Smoking and Its Effects on Oral Health

By John Meola on October 03, 2014

Middle-aged man with hands folded, smiling and showing off his bright, white teethIt’s no secret by now to even the most committed smoker how dangerous smoking is to a person’s overall health. It is equally dangerous to a person’s oral health. It is associated with a variety of conditions, from tooth discoloration to oral cancer. While there are a number of excellent dental options, including advanced oral surgery, which can address oral health issues related to smoking, it is far better for patients to give up the habit, no matter how difficult doing so may seem at first.

At Dental Associates of New England in Boston, smoking and oral health are discussed in detail whenever patients who smoke cigarettes, cigars, or pipes meet with our dentists for confidential, one-on-one consultations. We believe in providing our patients with straightforward facts about their oral health so that they can become active participants in their own dental care. Even if some patients decide to continue smoking, we feel that it is important that they understand both the effects that their decisions have on their oral health and how best to deal with those effects.

If you are a smoker, we urge you to consider the following facts very carefully and then meet with one of our highly esteemed dental professional for further information.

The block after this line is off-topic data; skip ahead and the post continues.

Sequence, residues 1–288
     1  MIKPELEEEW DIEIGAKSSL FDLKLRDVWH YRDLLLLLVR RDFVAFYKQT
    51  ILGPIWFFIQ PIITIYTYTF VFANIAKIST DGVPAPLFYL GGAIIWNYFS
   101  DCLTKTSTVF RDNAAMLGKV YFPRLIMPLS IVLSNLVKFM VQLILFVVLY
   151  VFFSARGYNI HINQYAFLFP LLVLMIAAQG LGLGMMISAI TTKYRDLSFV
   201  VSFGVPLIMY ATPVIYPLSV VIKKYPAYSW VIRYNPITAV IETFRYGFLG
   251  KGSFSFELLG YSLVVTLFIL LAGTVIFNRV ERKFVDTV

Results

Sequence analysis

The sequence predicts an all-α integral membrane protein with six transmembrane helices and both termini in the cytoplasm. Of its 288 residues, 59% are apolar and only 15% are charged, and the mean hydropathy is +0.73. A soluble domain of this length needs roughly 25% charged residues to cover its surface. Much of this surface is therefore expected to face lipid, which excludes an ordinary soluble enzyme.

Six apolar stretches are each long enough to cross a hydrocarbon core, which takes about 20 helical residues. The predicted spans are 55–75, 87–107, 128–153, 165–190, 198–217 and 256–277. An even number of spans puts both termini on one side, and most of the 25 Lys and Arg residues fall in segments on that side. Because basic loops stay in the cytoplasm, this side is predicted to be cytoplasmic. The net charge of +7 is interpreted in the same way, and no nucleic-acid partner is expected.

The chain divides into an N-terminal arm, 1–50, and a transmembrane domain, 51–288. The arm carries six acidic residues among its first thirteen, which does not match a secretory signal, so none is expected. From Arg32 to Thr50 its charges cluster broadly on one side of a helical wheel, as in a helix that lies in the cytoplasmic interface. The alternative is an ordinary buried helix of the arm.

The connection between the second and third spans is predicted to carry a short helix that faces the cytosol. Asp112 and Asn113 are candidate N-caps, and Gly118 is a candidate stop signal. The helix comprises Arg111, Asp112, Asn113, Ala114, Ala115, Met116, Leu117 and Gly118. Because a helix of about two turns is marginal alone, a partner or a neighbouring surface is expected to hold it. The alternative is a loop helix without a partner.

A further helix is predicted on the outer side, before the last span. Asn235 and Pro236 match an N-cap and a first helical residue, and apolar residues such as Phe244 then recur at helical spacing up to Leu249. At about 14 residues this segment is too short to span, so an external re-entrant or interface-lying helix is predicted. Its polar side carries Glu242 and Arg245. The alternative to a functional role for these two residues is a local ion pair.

How Smoking Affects a Person’s Oral Health

Smoking can affect a person’s health in a variety of adverse ways, contributing to such problems as:

  • Extrinsic staining: This type of staining involves the superficial, protective layer of the tooth, known as the enamel. While teeth whitening treatments can generally lighten or eliminate this type of staining quite effectively, the results will not last as long among patients who continue to smoke.
  • Bad breath: Aside from the smell of tobacco on the breath, smoking can contribute to chronic dry mouth, another cause of bad breath.
  • Gum disease: Gum disease is the most prevalent disease among American adults, affecting roughly three-quarters of the population. Smoking promotes the build-up of the bacteria that causes gum disease.
  • Impaired ability to heal: When patients undergo restorative dentistry treatments, the success of those treatments is highly dependent upon their ability to heal. Smoking interferes with this ability, which can make smokers poor candidates for such treatments as dental implants, periodontal surgery, and other restorative dental procedures.
  • Oral cancer: The link between smoking and cancer has been proven many times over. Oral cancer is one of the most frightening of all cancers in that it exhibits few if any symptoms in its earliest stages, when it is relatively easy to treat. Once it has progressed to its advanced stages, it is one of the most difficult cancers to treat. This is why it is especially important for smokers to undergo regular oral screenings.
  • Degradation of oral tissues: Smoking can cause the gums and jaw bones that support the teeth to degrade.

Learn More about Smoking and Its Effects on Oral Health

If you are a smoker and you would like to learn more about smoking and its effects on oral health, please contact Dental Associates of New England today.

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